Tuesday, October 12, 2010

suffer the little children—or something like that

The phrase just came to me tonight after a not-good phone call. And I realize that I have no idea what this phrase means. It has a bibley sound to it, but I wasn't familiar with it at all. It was a fragment, must be a fragment of something much larger. I wanted to know — so I turned to the Internet.

And I came upon a blog devoted to caring for infants in Malawi villages. Orphans gathered in an orphanage village called Mzuzu SOS. Children malnourished and alone no longer.

And I came upon a four part expose from 1968 of Pennhurst State School for Mentally Retarded Children. And there were kids in straightjackets, and kids with their hands or feet bound to the bars of their cribs. And children sitting cross-legged on the floor rocking back and forth with rhythmic repetition. And the children, said the narrator, happy to have something positive to say, "are no longer sterilized." Wow.

And I found a movie trailer of the same name that was unwatchable, and I couldn't hit delete fast enough for my own health and safety. And this film was apparently based upon a Stephen King short story of the same name, which was called in one description, "a delicious fright."

And I found a Stephen King disclaimer, stating that 'Suffer the Little Children' had, and I quote, "no redeeming social merit whatever" (King, 1993:801).

And I found a book on the murder of eleven year old Melissa Moody by her uncle, somewhere near Boswell, Oklahoma. And the point being made was that abuse in one generation raises the next generation of abusers. Details provided.

And I found The Smiths lyrics, of the same name, which sounded an awful lot like the case I'd just been reading.

And yes, I found Jesus.

And yes, I've always wanted to say that, if only on the page, or screen or whatever, just for fun to see what it feels like. But in saying it here — I mean it quite literally. I literally found Jesus. Or Jesus' words, anyway.

Which is really finding Matthew, I believe, not Jesus, right? And Mark. And Luke.

The key quote appears to be:

Suffer the little children to come unto me and forbid them not, for of such is the kingdom of God. (Mark 10:14)

Which, to my neophyte ears sounds a lot like someone proselytizing young vulnerables and not wanting to be restrained. You know, something Jim Jones would have said. And meant it.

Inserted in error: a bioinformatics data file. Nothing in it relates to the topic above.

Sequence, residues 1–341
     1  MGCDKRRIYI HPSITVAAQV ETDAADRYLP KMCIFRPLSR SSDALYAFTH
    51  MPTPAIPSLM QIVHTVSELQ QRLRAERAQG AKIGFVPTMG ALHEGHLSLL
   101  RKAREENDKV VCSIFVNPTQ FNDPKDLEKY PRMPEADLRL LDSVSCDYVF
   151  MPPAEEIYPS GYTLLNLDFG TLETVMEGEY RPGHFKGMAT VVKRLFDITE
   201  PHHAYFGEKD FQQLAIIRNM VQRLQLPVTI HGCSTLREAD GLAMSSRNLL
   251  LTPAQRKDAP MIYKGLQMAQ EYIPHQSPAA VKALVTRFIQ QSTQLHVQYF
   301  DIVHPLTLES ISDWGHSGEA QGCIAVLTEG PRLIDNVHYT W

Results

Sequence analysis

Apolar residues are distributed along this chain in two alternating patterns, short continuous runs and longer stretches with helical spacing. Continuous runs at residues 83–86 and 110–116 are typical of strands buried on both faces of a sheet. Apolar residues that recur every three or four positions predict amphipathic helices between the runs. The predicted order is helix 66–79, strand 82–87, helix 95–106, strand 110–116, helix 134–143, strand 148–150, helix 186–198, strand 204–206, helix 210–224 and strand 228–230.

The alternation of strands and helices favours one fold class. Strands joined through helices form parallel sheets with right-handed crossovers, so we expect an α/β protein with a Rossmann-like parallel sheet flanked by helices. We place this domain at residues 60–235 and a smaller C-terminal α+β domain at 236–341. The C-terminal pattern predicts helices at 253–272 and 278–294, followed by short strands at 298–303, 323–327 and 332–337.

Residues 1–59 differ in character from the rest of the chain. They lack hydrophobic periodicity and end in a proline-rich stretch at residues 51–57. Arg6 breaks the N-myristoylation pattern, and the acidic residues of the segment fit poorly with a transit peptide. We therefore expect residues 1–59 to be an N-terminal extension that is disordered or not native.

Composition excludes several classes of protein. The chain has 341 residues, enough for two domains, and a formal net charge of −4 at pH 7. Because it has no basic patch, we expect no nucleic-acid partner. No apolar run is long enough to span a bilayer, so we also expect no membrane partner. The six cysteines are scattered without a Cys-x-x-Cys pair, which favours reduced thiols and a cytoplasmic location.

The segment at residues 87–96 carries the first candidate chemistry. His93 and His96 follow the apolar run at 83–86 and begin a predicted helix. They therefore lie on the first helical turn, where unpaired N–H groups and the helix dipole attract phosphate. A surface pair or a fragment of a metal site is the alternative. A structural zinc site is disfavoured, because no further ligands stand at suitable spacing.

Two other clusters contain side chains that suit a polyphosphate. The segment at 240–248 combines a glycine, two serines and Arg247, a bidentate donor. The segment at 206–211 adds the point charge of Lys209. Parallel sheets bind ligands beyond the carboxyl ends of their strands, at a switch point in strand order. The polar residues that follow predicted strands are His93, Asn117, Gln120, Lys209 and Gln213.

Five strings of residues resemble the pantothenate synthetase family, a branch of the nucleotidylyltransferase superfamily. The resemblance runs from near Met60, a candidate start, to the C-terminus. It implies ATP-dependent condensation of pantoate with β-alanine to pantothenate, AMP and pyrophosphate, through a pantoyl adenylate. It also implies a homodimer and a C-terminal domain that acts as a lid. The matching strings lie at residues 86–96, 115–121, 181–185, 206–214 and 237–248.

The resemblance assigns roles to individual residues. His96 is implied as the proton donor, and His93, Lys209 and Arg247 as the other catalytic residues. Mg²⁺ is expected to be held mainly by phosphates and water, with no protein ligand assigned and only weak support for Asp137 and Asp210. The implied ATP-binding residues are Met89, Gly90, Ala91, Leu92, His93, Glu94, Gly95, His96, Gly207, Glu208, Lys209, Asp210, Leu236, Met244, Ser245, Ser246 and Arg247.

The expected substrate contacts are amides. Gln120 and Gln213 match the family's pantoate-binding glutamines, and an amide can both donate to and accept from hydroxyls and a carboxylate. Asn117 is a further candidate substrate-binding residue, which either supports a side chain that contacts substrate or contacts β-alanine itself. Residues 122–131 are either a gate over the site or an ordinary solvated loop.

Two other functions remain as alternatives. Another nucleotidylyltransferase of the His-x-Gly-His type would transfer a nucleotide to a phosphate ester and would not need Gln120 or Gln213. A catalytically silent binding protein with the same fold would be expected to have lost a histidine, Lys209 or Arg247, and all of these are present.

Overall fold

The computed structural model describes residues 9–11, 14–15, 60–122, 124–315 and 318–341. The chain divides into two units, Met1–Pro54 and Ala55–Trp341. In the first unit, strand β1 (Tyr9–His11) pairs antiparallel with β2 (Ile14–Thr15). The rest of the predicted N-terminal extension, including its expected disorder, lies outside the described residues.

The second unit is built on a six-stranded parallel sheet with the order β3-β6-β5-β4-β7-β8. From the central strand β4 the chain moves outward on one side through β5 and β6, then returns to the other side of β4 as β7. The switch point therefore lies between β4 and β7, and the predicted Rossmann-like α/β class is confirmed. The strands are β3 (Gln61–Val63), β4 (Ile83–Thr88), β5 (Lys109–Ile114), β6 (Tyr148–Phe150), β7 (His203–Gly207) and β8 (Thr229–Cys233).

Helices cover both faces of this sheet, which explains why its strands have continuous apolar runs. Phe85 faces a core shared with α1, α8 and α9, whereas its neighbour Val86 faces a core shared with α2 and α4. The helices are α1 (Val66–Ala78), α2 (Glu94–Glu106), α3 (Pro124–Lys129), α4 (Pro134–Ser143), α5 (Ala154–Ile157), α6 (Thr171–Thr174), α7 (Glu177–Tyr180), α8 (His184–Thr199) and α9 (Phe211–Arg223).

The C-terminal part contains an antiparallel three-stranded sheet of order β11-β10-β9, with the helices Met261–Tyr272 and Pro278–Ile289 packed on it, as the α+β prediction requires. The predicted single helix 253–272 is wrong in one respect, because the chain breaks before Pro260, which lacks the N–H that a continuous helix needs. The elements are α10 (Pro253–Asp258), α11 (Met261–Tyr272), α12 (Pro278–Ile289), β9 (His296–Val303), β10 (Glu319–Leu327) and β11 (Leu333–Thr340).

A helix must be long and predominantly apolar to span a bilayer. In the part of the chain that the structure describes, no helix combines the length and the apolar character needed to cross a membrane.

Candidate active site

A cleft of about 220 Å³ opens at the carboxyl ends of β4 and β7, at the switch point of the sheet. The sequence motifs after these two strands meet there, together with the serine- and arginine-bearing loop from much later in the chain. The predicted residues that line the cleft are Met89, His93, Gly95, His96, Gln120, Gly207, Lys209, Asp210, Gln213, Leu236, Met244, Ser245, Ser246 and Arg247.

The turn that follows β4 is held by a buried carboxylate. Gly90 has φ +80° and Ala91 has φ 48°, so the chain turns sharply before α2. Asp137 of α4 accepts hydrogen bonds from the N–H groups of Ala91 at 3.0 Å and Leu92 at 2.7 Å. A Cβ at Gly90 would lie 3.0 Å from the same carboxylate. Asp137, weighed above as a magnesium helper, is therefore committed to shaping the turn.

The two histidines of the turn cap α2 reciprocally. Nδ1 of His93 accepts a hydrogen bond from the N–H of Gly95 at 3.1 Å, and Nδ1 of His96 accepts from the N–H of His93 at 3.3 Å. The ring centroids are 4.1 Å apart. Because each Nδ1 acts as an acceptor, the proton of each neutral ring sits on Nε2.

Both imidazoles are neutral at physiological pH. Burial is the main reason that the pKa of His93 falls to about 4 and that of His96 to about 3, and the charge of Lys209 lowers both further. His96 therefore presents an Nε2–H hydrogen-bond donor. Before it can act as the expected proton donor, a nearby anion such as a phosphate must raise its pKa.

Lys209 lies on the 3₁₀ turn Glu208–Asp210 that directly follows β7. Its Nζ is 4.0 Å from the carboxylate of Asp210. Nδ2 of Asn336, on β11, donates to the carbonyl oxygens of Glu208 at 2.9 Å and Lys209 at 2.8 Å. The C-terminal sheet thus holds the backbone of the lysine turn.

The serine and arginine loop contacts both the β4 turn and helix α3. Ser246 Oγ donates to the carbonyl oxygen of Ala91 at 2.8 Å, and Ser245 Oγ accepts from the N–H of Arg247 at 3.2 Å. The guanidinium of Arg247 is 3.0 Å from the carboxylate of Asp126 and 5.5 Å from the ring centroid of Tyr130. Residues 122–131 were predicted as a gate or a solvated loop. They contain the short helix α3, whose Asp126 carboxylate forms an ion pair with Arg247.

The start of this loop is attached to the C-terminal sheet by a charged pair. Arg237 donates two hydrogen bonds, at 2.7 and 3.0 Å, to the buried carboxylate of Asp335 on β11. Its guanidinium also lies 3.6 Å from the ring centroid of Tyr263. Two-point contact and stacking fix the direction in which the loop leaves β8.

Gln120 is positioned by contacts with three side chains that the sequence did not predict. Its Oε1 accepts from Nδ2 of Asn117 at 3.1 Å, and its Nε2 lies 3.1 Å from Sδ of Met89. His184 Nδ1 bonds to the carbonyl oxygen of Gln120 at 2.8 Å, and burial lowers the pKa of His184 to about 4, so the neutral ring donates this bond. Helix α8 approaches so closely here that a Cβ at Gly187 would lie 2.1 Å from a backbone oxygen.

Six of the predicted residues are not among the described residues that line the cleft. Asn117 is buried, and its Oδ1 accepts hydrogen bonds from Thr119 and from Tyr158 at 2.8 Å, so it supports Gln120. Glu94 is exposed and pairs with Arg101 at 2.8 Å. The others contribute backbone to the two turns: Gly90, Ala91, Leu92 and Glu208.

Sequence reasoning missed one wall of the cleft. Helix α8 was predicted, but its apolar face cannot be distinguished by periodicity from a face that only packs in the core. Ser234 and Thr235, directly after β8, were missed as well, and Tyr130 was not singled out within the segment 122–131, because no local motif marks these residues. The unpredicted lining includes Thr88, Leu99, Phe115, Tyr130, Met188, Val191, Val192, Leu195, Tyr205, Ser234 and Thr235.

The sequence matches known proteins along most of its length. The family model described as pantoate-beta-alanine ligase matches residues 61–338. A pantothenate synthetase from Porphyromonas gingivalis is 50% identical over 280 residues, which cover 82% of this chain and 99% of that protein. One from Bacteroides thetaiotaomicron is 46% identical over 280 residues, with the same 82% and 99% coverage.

But the website I found this on explained to me that this meant that Jesus loved children.

Ok, fine.

By the time I had spent more Search Function time than I should have on this little puzzle, I reflected on the phone call I had just received.

It wasn't about abuse.

It wasn't about malnourished, orphaned village babies.

It wasn't about psycho-killers.

It wasn't about social merit or the lack thereof.

And it wasn't a Stephen King horror show.

And my not-good phone call gained a 'suffer-the-little-children' context. And I realized that my kids are really alright. And that everyone suffers. And that our children suffer, even without the trauma-drama. And that maybe this phone call wasn't about suffering at all, but about life. And a moment that will pass.

Not earth-shattering.

Not horrifying.

Just a glitch in the matrix, and one that might possibly open new doors. And that maybe (just maybe) this moment is a turning point. And the turn may well lead to a much finer vista than the one being left behind. Or something like that.


  1. The perplexing Biblical passage is just yet another case of lousy translation. This like most other problems in English bibles can be laid at the feet of King James. (The rest are due to the Bible being a pain in the ass of a rat's nest of problematic thorniness, if you ask me.)

    The Oxford Study Bible, which is among the best readily-available scholarly editions, earning the respect of both Jewish and Christian authorities alike, renders Mark 10:13-14 thus:

    "They brought children for him to touch. The disciples rebuked them, but when Jesus saw it he was indignant, and said to them, 'Let the children come to me; do not try to stop them; for the kingdom of God belongs to such as these."

    You can compare a raft of English translations here:


    And just for fun, here's the Norsk New King James:

    "Og de bar små barn til ham for at han skulle røre ved dem; men disiplene truet dem som bar dem. Men da Jesus så det, ble han harm og sa til dem: La de små barn komme til meg, hindre dem ikke! For Guds rike hører slike til."

    I do recommend the Oxford Study Bible if you have an interest in this sort of thing. They've done an excellent job of annotating to death the issues that vex translators and interpreters, so that what remains opaque is due to the opacity of the sources rather than the biases and shortcomings of the translators.

  2. oooh, Erin, you got me at the first two lines and my knees began to crumble. What could be more intoxicating than a woman speaking of bad biblical translations, and then handing me a translation in Norsk, of all things! I'm hooked! Biblical translation is exactly my sort of thing — though I tend to stick to re-translating biblical text and prayers myself (see e.g. late October post entitled 'war stories'). I'm okay with Hebrew, less okay with Aramaic and Arabic. But my ancient Greek is for shit, although I studied it as a child.

    The Norsk, by the way, looks downright yummy.

  3. Well, it would appear that Tina was right about us.

    You're way ahead of me on translation skills; I just managed a herd of translators at a software company. I get by with German and Norwegian, I can listen to but rarely generate French, and I have just enough smatterings of Hebrew and Japanese to be dazzled by those who know more. That would be just about everybody.

    But you might enjoy my voters' guide:


    The Norwegian passage is charming, isn't it? Who can resist small children being called "små barn"?